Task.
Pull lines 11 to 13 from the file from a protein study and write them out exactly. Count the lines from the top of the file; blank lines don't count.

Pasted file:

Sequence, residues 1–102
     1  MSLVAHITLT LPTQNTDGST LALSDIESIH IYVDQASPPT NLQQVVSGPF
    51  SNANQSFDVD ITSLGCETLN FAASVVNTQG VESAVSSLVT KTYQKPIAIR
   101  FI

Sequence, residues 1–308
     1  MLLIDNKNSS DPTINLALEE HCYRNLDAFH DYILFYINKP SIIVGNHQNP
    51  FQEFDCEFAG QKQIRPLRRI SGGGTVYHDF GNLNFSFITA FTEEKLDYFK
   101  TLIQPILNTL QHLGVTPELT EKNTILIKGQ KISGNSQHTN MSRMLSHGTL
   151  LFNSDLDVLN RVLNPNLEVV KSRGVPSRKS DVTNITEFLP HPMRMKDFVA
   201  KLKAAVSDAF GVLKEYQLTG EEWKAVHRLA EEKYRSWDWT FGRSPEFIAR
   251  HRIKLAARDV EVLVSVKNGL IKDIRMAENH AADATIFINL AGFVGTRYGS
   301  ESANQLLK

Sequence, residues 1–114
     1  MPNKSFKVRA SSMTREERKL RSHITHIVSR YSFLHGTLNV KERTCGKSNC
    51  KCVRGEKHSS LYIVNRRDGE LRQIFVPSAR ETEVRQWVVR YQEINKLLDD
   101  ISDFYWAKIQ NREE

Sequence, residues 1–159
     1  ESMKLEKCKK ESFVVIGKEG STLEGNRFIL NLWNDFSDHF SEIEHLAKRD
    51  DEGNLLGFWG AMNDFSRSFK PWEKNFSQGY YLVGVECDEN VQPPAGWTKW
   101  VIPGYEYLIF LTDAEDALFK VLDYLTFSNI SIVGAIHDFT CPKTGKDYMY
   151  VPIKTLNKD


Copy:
   251  HRIKLAARDV EVLVSVKNGL IKDIRMAENH AADATIFINL AGFVGTRYGS
   301  ESANQLLK

Sequence, residues 1–114